Besides our preferences of genres and books forms, most readers also have a list of their favorite authors. This lineup grows and expands. Unless an author keeps putting out new books, they risk fading from a reader’s radar, replaced by the writers publishing current bestsellers. Even though we might not actively search for new releases or backlist books written by our once favorite authors anymore, their works have undoubtedly shaped both our reading preferences and our personal lives.
Yesterday, as my gaze skipped along the faded and creased covers on the shelves, certain author names jumped out at me and made me wonder. I know some are still writing and publishing, but I wasn’t sure about others, so I did a brief search of each of them. Curious?
Here is what I found:
Barbara Delinsky–She has over twenty New York Times bestsellers to her credit. Her latest book, A Week at the Shore, came out in 2020. A paragraph within her website’s bio captures why I have always loved her books: she writes relatable characters about everyday people facing emotional crises and challenges.
Julie Garwood–Her stories encompass both historical and contemporary timeframes. According to her website, her themes focused on family, loyalty, and honor. She published her first novel, Gentle Warrior, back in 1985. The book on my shelf, The Secret, came out in 1992 (over 30 years ago). She was an incredibly prolific author with many bestsellers. Sadly, Julie Garwood passed away on June 8, 2023. She leaves behind a legacy of beautiful stories that readers will enjoy for years to come.
Kristin Hannah–If you are a reader, you are already familiar with this amazing author. Her list of amazing books goes on and on. I found her latest novel, The Four Winds, to be a gut-wrenching account of the dusty days of the Great Depression. I splurged on a beautiful hard copy version of that book when it first came out. They adapted another of her books, Firefly Lane, into a #1 Netflix series. A few weeks ago, I sat alone in front of the television, wiping away tears as I watched the show’s conclusion. This heartwarming story ended with Katherine Heigl swaying and reminiscing on the gift of her beautiful friend to the iconic song “Dancing Queen” by ABBA.
Books are so much more than simply a compilation of words.
Mary Alice Monroe–This award-winning author continues to put out incredible books, including her latest instant bestseller, The Summer of Lost and Found. I follow her on social media and admire her dedication to the environment. When I think of Mary Alice Monroe, I think of sea turtles and monarch butterflies.
Fern Michaels–No wonder I can’t remember a world without books by Fern Michaels. According to her website (which is a delight and includes personal, current updates), she is the #1 New York Times bestselling author of over 161 published works! Fern Michaels is the pen name of Mary Ruth Kuszkir. If you enjoy Fern’s books, you’ll likely enjoy her website, too, for more insight into the person behind the pen name.
Nora Roberts–Johanna Lindsey may have kept me reading past my bedtime, but I’ve read (and loved) more books by Nora Roberts than any other author. She is a queen as far as I’m concerned. One report I found stated she has published more than 225 romance novels and has held the number-one spot on the New York Times Best Seller list for a crazy number of weeks throughout the years. She also writes as J.D. Robb. Unfortunately, her popularity isn’t without its shadows, including the plagiarism of her work and book bans. I appreciate that she isn’t afraid to push back against these atrocities. I’ve heard that she also maintains a rigorous writing schedule to this day, despite the incredible success she’s already enjoyed.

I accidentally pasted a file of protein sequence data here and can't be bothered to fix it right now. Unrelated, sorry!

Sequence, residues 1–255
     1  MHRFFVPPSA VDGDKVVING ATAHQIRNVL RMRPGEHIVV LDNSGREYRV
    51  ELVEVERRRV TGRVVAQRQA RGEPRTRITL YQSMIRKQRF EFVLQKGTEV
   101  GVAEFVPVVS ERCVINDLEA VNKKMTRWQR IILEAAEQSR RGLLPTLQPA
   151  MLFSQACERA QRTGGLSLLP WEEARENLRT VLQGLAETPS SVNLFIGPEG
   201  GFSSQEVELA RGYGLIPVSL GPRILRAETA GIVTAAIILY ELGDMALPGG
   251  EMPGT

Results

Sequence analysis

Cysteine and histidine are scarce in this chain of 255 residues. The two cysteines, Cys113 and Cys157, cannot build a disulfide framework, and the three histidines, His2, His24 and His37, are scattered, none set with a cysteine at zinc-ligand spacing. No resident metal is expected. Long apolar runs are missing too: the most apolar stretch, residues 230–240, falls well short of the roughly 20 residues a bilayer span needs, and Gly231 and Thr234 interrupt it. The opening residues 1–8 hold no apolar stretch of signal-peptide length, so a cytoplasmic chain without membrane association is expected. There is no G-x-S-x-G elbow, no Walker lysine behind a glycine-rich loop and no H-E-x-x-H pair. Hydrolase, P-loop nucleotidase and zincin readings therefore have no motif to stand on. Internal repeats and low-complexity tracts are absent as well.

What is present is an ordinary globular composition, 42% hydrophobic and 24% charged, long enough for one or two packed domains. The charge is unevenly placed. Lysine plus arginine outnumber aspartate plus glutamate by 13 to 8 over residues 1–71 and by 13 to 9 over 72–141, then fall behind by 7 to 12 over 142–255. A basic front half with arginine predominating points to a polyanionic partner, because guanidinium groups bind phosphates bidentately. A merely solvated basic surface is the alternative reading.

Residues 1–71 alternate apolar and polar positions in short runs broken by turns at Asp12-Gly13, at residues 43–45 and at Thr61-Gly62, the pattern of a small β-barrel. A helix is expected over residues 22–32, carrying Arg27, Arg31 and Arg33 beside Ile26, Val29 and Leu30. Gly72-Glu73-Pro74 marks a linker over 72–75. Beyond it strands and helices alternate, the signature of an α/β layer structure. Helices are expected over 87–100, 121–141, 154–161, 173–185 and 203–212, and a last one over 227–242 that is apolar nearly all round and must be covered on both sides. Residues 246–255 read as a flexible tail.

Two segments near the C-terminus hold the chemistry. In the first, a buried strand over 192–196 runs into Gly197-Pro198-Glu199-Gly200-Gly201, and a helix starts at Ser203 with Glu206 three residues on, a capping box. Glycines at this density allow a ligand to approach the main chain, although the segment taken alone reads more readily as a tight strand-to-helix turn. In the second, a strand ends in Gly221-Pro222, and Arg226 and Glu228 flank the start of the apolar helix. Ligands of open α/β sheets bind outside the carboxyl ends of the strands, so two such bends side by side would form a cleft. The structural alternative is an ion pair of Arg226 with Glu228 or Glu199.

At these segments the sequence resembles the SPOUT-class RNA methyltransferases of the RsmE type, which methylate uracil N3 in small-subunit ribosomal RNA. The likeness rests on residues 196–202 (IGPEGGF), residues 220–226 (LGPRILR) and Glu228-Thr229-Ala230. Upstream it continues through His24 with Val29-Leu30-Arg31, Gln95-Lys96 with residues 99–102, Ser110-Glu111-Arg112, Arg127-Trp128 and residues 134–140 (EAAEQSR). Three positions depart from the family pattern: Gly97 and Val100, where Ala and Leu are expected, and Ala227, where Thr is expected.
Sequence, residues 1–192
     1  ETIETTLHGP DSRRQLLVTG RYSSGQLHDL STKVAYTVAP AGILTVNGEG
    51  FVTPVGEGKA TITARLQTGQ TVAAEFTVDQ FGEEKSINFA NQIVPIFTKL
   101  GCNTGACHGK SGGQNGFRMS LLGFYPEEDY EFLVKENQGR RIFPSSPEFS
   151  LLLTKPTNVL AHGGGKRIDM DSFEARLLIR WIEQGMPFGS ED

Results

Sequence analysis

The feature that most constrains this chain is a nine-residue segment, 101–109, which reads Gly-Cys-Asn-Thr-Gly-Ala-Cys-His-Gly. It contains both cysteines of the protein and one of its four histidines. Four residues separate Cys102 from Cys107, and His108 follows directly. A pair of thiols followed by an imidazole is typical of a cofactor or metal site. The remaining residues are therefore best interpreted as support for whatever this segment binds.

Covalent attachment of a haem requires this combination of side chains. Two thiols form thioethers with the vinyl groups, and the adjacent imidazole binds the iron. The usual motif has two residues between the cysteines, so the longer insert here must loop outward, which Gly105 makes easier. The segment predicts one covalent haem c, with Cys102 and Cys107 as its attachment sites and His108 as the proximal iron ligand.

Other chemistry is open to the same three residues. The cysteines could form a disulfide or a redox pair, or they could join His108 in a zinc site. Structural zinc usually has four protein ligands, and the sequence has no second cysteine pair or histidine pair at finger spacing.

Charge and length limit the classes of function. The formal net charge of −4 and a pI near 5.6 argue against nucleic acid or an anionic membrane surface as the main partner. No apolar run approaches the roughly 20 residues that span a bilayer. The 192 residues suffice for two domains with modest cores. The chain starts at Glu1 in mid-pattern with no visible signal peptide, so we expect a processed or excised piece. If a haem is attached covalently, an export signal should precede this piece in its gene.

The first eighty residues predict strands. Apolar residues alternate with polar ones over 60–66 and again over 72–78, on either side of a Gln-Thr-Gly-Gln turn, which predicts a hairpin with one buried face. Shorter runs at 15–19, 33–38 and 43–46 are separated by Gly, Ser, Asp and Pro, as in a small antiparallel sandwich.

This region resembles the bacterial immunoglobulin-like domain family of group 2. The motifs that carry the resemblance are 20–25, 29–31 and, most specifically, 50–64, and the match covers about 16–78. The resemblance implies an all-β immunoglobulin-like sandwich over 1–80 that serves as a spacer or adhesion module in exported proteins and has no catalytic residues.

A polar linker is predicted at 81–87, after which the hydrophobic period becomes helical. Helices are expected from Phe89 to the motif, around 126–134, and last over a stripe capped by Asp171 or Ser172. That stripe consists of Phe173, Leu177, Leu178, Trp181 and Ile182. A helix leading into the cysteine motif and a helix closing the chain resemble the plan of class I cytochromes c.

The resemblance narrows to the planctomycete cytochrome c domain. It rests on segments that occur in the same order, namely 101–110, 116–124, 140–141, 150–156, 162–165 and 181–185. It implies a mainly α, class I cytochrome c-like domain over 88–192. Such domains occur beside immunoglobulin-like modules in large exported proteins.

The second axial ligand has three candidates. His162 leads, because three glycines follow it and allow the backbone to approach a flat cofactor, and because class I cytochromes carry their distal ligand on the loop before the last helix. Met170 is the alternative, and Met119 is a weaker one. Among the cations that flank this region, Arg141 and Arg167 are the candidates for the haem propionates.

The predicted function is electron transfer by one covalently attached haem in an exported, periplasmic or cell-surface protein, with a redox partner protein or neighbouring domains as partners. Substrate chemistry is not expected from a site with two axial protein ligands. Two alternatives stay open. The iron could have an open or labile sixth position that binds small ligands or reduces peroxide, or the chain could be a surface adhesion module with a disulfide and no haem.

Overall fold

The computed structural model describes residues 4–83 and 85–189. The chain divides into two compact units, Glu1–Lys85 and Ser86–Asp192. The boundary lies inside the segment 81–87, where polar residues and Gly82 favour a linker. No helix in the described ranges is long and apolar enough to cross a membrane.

LaVyrle Spencer–While I don’t have any of her books on my shelves at the cabin, this trip down memory lane brought her to mind, too. I was an avid reader of her books when I was younger. Her romances extended beyond the primary couple to include families and intriguing plots. This Minnesota author had massive success, but retired from writing years ago. Her books helped shape me as a reader, and probably as a person, as all good stories can.
It’s doubtful I’ll go back and reread any of these books. Maybe I’ll box them up someday and donate them. But having them near is a bit like having old friends around. All we need to do is crack them open again, and we can travel back in time.
While researching these authors, I saw lots of instances where their older books now have updated covers. This makes sense. If a book looks like it’s thirty years old, because cover styles do change, few people will pick them up today. But a modern cover is a smart way to reach more readers when the stories inside are practically timeless.
Books stuck in electronic form in our phones and tablets can be like all those photographs we take but never look at again. Sure, they don’t take up space or add potential clutter to our homes, but a physical copy on your shelves is harder to forget and easier to appreciate over time. A dusty old novel may even spur us down a trip on memory lane, reminding us of how certain stories quietly weave themselves into our memories, and perhaps even our souls.
Are you a fan of any of these authors or does your list of favorites look completely different? Who would top your list?
Kimberly Diede Author
Hello everyone and welcome to my blog! My name is Kimberly Diede and I'm a fiction author and family girl. When time permits, I am happiest with a great cup of coffee in one hand and a book in the other. I love to alternate between reading and writing. Winters here can be long, dark and cold. Summers are unpredictable, lovely and always too short. Every season of the year, as in every season of life, is a gift. Let's celebrate it together!